I have two children. Should I open one 529 account for both children or a separate account for each child?

That depends on your personal preferences. From a paperwork and account fee standpoint, opening one account might make sense. However, after factoring in other considerations, opening two accounts is probably preferable.

The main advantages of opening a separate 529 account for each child are that you avoid commingling funds, you can contribute different amounts for each child as needed, and you can tailor your investment portfolios to each child's specific age. In addition, by opening two accounts, you maximize the annual gift tax exclusion because you can contribute $18,000 (in 2024) to each account for each child per year gift-tax free ($36,000 for joint gifts by both parents) instead of contributing this amount to just one account. And, if you plan to take advantage of the special lump-sum gifting rules unique to 529 plans, you can gift up to $90,000 to each account for each child once every five years ($180,000 for joint gifts).

If you decide to open one account, keep in mind that a 529 account can have only one beneficiary. You can change the beneficiary as needed — for example, after your first child finishes college, you can change the beneficiary to your second child — but check the plan for any limitations on the frequency of changes.

Also, with one account, you'll have to think carefully about the investment options you choose. If you invest too aggressively, the likelihood of market volatility is higher, which means you might incur losses when your child is close to college age. But if you invest too conservatively, your investment returns may not keep pace with college inflation for your younger child. This is why opening two separate accounts often makes sense.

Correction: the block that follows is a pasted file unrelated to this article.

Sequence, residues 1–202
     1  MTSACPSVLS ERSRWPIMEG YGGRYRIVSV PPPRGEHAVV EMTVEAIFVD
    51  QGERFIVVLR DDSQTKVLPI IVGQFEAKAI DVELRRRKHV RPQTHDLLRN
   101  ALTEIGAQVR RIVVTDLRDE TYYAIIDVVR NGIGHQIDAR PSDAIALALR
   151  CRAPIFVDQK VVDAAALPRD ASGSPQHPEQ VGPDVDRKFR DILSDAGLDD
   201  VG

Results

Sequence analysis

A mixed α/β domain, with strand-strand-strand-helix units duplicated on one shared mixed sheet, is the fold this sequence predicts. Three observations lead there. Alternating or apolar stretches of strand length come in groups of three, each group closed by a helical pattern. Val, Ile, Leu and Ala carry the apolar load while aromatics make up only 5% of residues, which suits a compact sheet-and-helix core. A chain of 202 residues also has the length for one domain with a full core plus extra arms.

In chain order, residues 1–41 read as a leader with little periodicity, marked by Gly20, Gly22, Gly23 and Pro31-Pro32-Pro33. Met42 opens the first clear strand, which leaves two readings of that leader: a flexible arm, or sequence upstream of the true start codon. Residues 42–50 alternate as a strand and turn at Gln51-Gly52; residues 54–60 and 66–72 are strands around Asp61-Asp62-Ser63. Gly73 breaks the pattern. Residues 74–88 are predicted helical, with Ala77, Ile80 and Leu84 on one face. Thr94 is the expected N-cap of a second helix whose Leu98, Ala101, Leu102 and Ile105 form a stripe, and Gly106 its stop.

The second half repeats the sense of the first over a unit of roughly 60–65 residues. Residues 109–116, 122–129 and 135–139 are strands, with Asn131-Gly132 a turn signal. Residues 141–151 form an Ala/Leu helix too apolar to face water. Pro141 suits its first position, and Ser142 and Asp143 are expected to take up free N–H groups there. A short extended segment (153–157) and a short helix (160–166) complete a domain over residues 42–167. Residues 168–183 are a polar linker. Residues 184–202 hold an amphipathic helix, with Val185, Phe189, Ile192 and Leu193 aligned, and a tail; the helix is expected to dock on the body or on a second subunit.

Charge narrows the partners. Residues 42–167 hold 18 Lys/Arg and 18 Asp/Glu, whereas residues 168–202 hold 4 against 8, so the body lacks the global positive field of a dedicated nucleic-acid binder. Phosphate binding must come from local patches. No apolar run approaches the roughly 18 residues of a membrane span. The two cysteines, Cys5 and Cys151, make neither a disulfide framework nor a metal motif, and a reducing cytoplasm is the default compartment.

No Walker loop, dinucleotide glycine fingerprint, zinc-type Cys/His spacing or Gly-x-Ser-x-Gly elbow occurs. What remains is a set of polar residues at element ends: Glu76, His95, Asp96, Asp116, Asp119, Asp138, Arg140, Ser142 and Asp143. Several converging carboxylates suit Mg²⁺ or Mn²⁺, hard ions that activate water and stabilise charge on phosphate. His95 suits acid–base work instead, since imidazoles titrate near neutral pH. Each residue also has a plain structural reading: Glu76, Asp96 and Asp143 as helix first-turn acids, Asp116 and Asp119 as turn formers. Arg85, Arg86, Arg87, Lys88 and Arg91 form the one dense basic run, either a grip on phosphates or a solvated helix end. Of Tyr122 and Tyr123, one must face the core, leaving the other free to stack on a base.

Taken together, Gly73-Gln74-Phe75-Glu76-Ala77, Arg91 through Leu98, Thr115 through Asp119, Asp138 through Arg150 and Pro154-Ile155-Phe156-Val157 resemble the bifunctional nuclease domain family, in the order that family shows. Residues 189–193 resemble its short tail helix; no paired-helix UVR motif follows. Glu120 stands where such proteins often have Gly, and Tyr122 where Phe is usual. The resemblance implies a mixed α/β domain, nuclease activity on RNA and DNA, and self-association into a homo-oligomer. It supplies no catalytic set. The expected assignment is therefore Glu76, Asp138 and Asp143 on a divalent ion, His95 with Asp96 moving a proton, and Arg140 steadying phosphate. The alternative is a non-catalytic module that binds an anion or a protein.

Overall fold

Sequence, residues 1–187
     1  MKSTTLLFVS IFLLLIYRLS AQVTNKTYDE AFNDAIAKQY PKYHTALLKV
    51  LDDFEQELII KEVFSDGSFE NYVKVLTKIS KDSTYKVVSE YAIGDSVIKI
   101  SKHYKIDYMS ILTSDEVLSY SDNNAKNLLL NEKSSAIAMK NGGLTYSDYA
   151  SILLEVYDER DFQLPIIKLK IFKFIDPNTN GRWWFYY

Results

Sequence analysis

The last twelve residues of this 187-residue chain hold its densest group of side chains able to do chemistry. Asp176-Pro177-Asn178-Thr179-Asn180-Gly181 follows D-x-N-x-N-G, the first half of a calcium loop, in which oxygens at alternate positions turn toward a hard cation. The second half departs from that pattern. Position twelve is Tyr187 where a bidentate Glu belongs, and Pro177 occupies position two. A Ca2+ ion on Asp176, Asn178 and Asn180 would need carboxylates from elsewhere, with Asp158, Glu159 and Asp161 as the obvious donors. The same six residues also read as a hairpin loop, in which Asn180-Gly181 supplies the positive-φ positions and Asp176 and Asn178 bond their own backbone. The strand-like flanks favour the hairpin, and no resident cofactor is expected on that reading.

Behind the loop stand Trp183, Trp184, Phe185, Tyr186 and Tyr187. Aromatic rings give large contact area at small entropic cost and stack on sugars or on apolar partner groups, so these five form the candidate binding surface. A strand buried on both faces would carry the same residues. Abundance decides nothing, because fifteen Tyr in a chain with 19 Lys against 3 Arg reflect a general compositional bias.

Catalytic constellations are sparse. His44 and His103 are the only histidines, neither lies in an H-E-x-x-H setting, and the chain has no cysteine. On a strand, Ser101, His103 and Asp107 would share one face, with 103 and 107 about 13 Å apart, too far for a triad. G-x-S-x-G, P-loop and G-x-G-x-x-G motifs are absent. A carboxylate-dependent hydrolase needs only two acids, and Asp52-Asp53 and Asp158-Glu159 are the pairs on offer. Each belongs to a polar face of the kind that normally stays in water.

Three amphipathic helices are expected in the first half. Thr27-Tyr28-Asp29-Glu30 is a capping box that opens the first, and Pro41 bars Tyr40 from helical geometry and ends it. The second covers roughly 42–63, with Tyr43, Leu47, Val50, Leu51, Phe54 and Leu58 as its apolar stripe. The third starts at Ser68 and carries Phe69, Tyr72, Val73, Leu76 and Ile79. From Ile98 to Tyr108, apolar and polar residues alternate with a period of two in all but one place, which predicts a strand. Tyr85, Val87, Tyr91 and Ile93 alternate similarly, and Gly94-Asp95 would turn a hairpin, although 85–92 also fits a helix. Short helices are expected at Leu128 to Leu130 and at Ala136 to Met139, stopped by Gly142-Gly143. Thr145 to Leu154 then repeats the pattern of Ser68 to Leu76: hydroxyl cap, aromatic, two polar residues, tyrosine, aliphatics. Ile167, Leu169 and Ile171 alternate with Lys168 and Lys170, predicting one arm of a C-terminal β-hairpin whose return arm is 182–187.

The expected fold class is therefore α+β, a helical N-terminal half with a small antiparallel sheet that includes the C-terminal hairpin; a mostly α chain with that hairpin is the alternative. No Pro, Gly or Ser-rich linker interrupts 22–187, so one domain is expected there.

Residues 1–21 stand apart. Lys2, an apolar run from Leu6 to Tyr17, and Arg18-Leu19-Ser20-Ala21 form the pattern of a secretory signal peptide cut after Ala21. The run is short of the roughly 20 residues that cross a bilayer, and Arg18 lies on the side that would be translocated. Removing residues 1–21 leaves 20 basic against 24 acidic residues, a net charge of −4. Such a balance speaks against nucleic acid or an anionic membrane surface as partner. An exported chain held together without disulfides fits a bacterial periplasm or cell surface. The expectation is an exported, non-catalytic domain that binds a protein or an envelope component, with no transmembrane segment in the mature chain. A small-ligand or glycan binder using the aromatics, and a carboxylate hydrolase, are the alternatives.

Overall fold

Note: Before investing in a 529 plan, please consider the investment objectives, risks, charges, and expenses carefully. The official disclosure statements and applicable prospectuses, which contain this and other information about the investment options, underlying investments, and investment company, can be obtained by contacting your financial professional. You should read these materials carefully before investing. As with other investments, there are generally fees and expenses associated with participation in a 529 plan. There is also the risk that the investments may lose money or not perform well enough to cover college costs as anticipated. Investment earnings accumulate on a tax-deferred basis, and withdrawals are tax-free as long as they are used for qualified education expenses. For withdrawals not used for qualified education expenses, earnings may be subject to taxation as ordinary income and possibly a 10% federal income tax penalty. The tax implications of a 529 plan should be discussed with your legal and/or tax professionals because they can vary significantly from state to state. Also be aware that most states offer their own 529 plans, which may provide advantages and benefits exclusively for their residents and taxpayers. These other state benefits may include financial aid, scholarship funds, and protection from creditors.